Lucky us! Rachel sought out Shape of Life requesting permission to reference our video in the questions about sponges she created. We heartily agreed and were so impressed with Rachel’s creative approach to teaching we decided to feature her.
“Confession: I didn’t love science throughout school! I have always had a deep sensitivity and love for animals but gravitated more towards classes that focused on written language,” said Rachel. It was when she signed up for an elective class in zoology in her senior year of high school that she was grabbed by science. “I fell in love with the diverse world full of coral, planarians, and sea stars. I decided to major in biology with a secondary in education and additional emphasis on environmental education.”
About Climate Change
Rachel believes she was meant to teach zoology. “I am obsessed with the animal kingdom!” She gets genuinely excited to share new things about animals with her students, and that excitement is contagious. “I love seeing students get hooked on learning about animals and appreciating the beauty of their world at a deeper level.”
“Students are saddened and feel a deep sense of injustice when they hear about the effects of climate on the animals we study. That being said - a wise student once quoted Edward Everett Hale in her ocean pollution research project: I am only one, but I am one. I cannot do everything, but I can do something. And because I cannot do everything, I will not refuse to do something I can."
“Passion is contagious. Let your nerdy side show, and let it show BOLDLY!” shared Rachel.
Rachel teaches high school zoology, anatomy, and physiology.
“I create resources for my students, and I have also had the incredible privilege to share my curriculum with thousands of teachers worldwide through my curriculum development business, Science from Scratch. Creative is one of the top three words I would use to describe myself!” said Rachel.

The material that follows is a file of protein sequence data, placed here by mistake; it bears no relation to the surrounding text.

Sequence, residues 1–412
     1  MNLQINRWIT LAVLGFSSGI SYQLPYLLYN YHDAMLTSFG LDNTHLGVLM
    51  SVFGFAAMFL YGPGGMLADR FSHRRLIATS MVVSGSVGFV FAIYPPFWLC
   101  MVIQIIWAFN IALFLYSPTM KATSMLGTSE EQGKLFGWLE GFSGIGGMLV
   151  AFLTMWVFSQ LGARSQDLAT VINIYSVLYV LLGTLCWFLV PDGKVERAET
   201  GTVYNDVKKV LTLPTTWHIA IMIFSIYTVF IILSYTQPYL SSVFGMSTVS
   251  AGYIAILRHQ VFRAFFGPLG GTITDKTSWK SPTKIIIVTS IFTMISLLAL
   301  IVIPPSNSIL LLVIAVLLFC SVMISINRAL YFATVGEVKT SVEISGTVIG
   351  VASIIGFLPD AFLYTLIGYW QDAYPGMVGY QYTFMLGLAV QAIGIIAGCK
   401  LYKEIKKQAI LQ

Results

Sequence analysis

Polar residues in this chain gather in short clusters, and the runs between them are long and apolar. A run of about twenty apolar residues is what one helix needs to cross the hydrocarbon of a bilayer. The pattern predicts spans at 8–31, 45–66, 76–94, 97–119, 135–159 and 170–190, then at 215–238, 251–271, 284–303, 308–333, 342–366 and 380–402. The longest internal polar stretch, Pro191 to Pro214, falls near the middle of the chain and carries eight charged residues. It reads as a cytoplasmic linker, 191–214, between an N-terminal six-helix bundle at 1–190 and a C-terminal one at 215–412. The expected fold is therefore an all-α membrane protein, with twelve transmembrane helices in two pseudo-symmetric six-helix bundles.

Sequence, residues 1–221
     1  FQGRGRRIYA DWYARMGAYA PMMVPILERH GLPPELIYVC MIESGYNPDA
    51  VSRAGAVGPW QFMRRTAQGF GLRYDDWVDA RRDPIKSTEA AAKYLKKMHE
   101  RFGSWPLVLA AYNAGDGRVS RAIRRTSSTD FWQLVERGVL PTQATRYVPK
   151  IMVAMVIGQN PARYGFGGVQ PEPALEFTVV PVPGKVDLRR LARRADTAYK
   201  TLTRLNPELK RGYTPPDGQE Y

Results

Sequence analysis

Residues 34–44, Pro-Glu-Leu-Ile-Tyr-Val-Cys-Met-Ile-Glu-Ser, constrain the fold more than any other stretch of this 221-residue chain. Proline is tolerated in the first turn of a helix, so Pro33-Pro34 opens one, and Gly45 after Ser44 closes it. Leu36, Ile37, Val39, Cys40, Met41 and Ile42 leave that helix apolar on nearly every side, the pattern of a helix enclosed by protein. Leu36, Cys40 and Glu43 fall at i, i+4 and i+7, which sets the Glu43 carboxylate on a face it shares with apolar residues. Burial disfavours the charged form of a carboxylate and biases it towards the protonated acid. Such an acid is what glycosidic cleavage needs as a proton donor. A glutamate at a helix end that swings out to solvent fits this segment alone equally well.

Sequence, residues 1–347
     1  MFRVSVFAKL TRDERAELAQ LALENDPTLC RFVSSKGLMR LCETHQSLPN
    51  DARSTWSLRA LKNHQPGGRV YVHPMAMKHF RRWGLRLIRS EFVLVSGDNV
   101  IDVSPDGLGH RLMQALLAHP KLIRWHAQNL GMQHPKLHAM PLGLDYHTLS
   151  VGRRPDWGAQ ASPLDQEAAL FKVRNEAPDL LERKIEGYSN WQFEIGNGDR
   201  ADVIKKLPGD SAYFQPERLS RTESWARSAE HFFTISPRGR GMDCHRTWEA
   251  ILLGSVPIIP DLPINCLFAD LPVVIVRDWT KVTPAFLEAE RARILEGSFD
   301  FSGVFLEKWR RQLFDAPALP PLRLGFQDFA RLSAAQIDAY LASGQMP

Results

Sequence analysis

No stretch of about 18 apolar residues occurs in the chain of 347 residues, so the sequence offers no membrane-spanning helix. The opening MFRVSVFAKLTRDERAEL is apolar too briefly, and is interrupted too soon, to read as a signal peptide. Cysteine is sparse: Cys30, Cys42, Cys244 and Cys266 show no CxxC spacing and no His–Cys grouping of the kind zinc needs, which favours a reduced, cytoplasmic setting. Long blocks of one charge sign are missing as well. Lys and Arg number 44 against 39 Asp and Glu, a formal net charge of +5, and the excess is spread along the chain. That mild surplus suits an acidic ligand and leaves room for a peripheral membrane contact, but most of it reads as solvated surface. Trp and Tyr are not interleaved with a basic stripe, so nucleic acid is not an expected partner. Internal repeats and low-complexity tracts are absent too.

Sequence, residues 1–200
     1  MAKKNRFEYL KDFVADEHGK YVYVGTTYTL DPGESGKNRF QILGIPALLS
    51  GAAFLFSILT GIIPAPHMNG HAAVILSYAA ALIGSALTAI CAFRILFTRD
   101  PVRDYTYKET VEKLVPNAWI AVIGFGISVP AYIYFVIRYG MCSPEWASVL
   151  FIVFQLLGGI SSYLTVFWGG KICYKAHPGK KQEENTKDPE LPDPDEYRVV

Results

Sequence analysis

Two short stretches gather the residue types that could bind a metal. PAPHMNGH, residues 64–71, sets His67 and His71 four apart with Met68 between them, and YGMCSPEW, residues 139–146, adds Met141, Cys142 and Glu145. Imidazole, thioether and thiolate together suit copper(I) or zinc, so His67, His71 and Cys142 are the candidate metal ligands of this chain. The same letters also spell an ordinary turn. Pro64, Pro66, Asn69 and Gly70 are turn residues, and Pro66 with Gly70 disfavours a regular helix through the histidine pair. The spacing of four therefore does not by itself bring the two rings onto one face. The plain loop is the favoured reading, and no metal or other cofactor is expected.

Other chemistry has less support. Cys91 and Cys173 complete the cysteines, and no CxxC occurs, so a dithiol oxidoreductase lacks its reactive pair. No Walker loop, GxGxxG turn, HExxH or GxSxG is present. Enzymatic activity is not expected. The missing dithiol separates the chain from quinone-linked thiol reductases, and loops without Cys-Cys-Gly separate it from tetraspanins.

Rachel’s lessons are designed with three goals: 1. Be academically rigorous and accurate. 2. Be as student-centered and hands-on as possible. 3. Be fun for both the teacher and the student. “I enjoy my job more as a teacher when my students are having a blast. I love hearing from teachers around the world who are falling back in love with teaching using my curriculum.”
Rachel adores teaching zoology. “What do children naturally love from a young age? Animals and trucks! I don’t want to teach about trucks, but I do draw upon their un-fostered affinity for animals,” says Rachel.
“Zoology is the best kind of gross that leaves you always wanting to know more. It’s the coolest class in school!”
Rachel has created a full-year anatomy and physiology curriculum for 10th through 12th grade students. She is currently working on a full-year zoology curriculum for 11th and 12th grade, which is slated to be finished in 2024.
Where Shape of Life Fits In
“I stumbled upon Shape of Life during remote learning in 2020… and man, what a find it has been!”, said Rachel. She shows Shape of Life videos towards the end of each zoology unit to solidify what students have learned and as “amazing examples of each animal phylum”.
Her students’ favorite videos are filter-feeding sponge and colored dye, stomphia escaping a predator, penis-fencing amongst planarians, and sunflower sea star hunting. We, of course, don’t mean to brag, but Rachel thinks “these videos are top-notch. Shape of Life has truly thought of everything!” Aw shucks.
What Students Need
Rachel believes high school students are desperate for connection to committed teachers. “They want to learn, and they want to know that you care for and are proud of them. I like building curriculum that provides opportunities to build their confidence.”
Lucky us and lucky students to have Rachel Miller as their teacher.